(Photograph: Peter Titmuss/Alamy)
Depending on your opinion of them, the mention of independent schools can provoke a wide range of reactions. Privileged? Prestigious? Unfair? Unnecessary? But…. Charity?
While this might be somewhat perplexing at first, the most recent Charities Act 2011 defines a charity as an institution which is established for a charitable purpose and provides benefit to the public. The ‘advancement of education’ is a charitable purpose, meaning independent schools are eligible to become charities.
So what benefit does an independent school receive by registering as a charity? Tax relief. According to a study of local council records earlier this year, independent schools are set to receive tax rebates totalling £522 million over the next five years. Charitable organisations in England and Wales are entitled to relief of 80% on the business rates payable on the buildings they use. As a result of this, a large number of independent schools qualify for this relief. Analysis of government data suggested there would be a business rates bill of £1.16 billion over the next five years on the 2,707 properties classified as private schools. However, it is forecasted that only £634m will be paid, with the remaining £522m saved due to the schools’ charitable status. Eton College, for example, would have faced a bill of £4.1m for business rates over the next five years without its charitable status, but instead, it will pay just £821,040.
With this in mind, it is worth revisiting the definition of a charity? Even if institutions can prove their charitable purpose due to the ‘advancement of education’, can they prove their provision of benefit to the public? In days gone by, there was a presumption that any type of charity is for the public benefit. This is no longer the case. In 2008 the chair of the Charity Commission, Suzi Leather, provoked the ire of the Independent Schools Council (ISC) when she warned that independent schools may be stripped of their charity status if they operate as “exclusive clubs” for the rich. She was clear in her assertion that fee-paying schools must prove that children who cannot afford their services will also benefit. While a legal case brought by the ISC in 2011 removed the possibility of independent schools’ charity status being stripped by the Charity Commission, Leather’s comments on public benefit certainly kick-started a shift in thinking on the topic.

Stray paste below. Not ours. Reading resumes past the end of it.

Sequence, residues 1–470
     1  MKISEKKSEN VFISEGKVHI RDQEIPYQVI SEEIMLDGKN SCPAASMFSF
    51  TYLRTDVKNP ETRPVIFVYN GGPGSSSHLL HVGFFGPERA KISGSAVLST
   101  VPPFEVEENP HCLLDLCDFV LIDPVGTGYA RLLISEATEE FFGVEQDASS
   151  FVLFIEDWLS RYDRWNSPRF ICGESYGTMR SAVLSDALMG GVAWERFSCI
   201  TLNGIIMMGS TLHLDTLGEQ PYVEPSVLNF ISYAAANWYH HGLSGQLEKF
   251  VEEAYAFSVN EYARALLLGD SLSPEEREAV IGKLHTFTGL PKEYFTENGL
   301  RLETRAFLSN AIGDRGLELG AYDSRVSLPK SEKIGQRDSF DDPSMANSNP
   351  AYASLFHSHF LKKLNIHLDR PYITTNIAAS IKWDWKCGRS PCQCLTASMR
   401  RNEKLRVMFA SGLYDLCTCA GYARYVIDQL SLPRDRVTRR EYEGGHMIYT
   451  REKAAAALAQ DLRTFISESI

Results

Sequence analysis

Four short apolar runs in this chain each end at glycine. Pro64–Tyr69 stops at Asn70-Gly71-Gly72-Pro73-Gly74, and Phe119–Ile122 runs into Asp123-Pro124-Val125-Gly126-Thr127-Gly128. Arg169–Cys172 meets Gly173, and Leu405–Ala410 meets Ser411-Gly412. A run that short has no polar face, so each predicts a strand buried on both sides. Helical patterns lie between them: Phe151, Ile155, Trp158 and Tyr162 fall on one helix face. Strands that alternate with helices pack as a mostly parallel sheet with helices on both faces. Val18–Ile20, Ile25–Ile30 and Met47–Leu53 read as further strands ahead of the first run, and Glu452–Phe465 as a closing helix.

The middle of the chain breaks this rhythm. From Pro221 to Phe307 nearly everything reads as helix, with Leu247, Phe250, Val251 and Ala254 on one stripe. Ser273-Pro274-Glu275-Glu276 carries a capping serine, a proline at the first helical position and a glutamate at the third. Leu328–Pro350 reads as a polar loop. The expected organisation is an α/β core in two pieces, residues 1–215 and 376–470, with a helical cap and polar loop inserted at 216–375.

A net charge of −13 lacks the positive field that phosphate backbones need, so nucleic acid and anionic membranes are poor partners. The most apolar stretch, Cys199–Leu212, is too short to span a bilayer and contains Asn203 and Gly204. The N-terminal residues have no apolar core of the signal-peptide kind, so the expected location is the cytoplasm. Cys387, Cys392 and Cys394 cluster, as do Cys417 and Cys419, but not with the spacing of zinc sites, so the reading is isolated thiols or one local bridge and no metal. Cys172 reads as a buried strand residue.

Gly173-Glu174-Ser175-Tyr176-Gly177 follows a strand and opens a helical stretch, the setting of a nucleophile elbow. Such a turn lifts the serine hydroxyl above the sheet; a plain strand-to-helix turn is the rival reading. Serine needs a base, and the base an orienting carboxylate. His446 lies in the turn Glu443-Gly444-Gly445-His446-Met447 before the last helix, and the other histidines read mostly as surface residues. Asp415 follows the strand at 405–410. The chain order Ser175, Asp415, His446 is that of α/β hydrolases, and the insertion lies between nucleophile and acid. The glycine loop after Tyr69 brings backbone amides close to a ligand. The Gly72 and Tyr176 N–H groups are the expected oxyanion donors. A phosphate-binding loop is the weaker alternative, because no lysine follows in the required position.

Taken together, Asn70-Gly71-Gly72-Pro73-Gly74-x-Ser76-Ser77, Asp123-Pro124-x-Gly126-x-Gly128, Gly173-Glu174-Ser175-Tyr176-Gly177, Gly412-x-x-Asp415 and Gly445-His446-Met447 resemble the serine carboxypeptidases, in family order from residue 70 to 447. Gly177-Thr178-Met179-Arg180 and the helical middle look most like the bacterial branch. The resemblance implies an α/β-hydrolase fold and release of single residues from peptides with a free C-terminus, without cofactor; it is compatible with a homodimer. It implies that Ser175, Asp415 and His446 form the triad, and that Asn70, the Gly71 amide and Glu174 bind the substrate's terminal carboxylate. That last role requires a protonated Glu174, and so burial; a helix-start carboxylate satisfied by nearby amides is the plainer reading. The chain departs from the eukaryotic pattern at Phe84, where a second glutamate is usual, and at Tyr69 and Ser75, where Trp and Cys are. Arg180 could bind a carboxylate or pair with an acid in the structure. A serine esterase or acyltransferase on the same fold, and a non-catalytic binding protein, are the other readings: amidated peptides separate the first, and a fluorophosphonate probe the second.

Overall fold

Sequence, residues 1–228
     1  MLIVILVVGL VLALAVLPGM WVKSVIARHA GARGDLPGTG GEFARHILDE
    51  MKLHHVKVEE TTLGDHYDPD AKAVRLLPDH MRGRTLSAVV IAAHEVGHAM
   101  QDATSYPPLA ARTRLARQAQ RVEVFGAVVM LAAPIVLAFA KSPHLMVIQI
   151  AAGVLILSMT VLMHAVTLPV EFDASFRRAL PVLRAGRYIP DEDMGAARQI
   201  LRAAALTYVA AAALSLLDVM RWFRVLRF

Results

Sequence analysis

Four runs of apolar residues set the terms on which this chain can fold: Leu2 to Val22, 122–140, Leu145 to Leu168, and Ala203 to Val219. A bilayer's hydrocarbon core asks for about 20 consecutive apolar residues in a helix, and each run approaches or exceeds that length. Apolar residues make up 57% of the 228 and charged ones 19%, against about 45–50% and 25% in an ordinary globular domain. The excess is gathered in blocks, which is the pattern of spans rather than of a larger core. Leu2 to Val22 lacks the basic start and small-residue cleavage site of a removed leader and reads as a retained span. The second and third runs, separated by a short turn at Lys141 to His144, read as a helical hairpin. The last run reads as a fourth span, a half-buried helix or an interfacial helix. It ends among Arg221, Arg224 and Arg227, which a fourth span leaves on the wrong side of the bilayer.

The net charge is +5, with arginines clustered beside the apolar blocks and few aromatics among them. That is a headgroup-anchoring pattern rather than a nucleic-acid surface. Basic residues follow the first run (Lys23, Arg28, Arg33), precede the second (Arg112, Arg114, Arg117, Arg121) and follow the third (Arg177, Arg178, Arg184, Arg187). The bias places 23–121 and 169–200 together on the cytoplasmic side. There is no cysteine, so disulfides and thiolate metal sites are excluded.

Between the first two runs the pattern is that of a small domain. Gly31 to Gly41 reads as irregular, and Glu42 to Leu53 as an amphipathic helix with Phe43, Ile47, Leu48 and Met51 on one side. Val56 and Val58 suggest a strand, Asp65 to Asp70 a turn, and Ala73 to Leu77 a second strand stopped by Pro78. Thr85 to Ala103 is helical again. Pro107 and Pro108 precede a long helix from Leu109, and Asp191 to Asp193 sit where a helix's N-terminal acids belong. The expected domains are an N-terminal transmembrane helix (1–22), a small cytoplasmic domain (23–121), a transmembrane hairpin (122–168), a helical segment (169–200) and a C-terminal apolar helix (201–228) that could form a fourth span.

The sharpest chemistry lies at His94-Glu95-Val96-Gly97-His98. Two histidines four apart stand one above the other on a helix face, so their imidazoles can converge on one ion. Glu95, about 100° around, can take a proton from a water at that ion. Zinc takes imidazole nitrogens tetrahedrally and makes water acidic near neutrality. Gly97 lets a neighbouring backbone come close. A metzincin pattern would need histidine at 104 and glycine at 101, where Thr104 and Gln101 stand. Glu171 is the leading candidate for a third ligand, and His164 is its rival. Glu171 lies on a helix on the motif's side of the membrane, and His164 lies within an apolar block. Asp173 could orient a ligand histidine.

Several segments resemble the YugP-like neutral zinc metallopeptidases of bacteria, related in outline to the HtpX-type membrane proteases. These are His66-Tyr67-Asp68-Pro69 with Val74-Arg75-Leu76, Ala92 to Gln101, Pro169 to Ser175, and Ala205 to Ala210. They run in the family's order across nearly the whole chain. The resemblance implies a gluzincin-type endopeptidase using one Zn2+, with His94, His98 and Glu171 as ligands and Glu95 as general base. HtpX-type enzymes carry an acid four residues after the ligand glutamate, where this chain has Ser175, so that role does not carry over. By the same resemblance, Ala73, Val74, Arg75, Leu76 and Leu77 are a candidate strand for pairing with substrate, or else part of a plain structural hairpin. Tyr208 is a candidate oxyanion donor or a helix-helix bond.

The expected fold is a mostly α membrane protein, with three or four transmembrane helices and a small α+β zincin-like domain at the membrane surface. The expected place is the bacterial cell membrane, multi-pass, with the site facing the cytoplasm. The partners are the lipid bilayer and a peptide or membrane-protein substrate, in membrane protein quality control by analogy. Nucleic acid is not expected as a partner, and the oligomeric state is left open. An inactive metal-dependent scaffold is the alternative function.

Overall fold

Initially, guidance from the Charity Commission viewed bursaries for free or subsidised access as an obvious and, in many cases, the simplest way in which independent schools could provide opportunities to benefit people who could not afford the fees. This guidance has since evolved to include the need for creating formal partnerships between independent schools and state schools. Earlier this year, the Department for Education set up a System Partnership Unit which was designed to support the independent school sector with the brokering of aforementioned partnerships. Once a partnership is created, there are seemingly endless ways in which independent schools can provide time, money and resources to support state schools. Sharing use of sports facilities; performance centres for art, drama and music lessons; laboratories for science lessons to name but a few. The need for an explanation of how the school has carried out its purpose for the public benefit in its annual report is another positive recommendation made by the Charity Commission in its guidance.
While these steps are encouraging, the lack of statutory definition for the term ‘public benefit’ will always allow for a grey area. Without it, actions by independent schools can vary considerably depending on their interpretation of the term. Furthermore, the tribunal in 2011 ruled that trustees of a charitable independent school should decide what was appropriate in their particular circumstances, not the Charity Commission.
With this being said, there have certainly been signs of encouragement in recent years. A number of independent schools have noticeably increased their efforts to be active participants of the local community. We, as a society, must continue to encourage and welcome efforts made by independent schools to forge meaningful partnerships in their local area to benefit all children in the community, irrespective of socio-economic background. While there is still some way to go, we are certainly moving in the right direction.